Is external hard drive spin down truly a power saving only feature?

Can't find the Hard drive zone anymore, has it been removed?  

HI All,

Awhile back we were trying to identify the cause of several event 51 and event 11 paging errors (in Windows XP and Windows 7 respectively) in Windows that we noticed are caused by virtually all Seagate external drives.  After speaking to Seagate support, we concluded they are caused by the hard drive sleep feature that puts the drive to "sleep" after so many minutes of inactivity.  Seagate support suggested we set the drives to never sleep. Sure enough, this got rid of 95% of the errors.  

However, we have now noticed it occurs on virtually all Seagate and a lot of Western Digital drives (and WD support also documents the sleep featuer causes it but it cant be disabled on all their drives).

The question is, it the sleep feature strictly only for power saving?  If so, we don't mind the extra power to keep a clean event log (it makes it easier to monitor also).  However, we don't want to decrease any life on the drive by not using the "power savings" feature.  Seagate support said it should not really decrease the life of the drive.  It may just go back to the age old debate of is it better to leave them spinning or spin them down versus the number of start ups.  Most clients uses them for backups so we want to get some EE member opinions of we should follow the Seagate support advice.  Thanks!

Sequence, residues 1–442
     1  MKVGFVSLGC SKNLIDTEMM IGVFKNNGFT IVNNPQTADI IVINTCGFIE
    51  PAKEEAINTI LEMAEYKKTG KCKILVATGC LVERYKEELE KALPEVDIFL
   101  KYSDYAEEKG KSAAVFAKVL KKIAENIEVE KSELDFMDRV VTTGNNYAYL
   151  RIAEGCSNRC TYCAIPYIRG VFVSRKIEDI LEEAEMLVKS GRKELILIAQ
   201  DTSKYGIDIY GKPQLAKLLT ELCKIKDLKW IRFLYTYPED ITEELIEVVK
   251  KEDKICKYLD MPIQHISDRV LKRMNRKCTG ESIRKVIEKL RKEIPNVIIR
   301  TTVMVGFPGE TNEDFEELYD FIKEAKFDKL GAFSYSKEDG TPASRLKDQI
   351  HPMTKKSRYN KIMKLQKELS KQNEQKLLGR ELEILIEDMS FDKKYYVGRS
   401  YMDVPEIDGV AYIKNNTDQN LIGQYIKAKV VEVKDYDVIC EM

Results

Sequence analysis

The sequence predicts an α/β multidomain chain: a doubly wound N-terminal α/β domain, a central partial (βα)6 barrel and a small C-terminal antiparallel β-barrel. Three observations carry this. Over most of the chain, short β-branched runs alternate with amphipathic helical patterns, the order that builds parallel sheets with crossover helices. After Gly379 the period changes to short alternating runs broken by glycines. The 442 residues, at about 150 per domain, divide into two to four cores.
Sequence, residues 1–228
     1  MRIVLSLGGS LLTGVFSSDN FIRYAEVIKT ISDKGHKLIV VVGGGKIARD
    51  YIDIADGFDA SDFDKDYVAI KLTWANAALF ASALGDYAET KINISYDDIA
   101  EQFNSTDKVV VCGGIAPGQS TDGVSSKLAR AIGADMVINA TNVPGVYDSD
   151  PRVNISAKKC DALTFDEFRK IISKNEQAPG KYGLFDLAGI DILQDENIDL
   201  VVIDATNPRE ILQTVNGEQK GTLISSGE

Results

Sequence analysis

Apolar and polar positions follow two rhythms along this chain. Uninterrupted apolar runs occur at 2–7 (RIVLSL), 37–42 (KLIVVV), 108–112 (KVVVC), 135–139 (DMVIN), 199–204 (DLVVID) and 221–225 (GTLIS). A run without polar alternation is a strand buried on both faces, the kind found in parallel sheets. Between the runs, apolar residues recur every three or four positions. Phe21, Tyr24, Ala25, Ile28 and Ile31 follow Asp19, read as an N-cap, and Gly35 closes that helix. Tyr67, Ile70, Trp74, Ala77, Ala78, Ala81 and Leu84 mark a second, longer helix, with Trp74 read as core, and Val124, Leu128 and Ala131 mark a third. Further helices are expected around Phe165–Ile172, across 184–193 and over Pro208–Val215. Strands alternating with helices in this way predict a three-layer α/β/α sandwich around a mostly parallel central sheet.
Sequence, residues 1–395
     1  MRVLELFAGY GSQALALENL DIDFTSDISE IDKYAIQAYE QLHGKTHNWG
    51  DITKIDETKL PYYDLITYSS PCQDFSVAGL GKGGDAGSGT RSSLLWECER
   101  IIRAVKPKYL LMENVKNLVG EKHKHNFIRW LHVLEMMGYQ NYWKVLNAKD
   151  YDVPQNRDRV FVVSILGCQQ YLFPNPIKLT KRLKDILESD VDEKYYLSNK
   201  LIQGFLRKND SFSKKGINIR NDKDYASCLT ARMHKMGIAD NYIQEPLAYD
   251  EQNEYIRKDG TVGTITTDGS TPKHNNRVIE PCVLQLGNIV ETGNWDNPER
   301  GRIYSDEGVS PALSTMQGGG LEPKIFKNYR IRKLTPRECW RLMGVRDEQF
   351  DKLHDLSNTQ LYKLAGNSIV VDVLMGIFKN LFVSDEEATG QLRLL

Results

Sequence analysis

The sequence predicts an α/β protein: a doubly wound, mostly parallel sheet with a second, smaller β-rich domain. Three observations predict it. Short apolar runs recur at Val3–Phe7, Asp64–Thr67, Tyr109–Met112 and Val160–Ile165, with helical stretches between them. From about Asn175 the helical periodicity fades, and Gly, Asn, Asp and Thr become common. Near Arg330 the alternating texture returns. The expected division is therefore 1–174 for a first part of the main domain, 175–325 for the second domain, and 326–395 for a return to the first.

JsmplyAsked:
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Andrew Hancock (VMware vExpert / EE MVE^2)Connect With a Mentor VMware and Virtualization ConsultantCommented:
The sleep feature is a power saving feature.

Whether it is being used to prolong the life of the external hard drive, I don't know, I would have thought, there would be more strain on the electronics, in the starting-up and power-down, than continuous usage.

Maybe a question to put to Seagate/WD.

Maybe in everyone's quest to save the planet, and electricity, and CO2 emissions, this is Seagate/WD, Green bit!
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JsmplyAuthor Commented: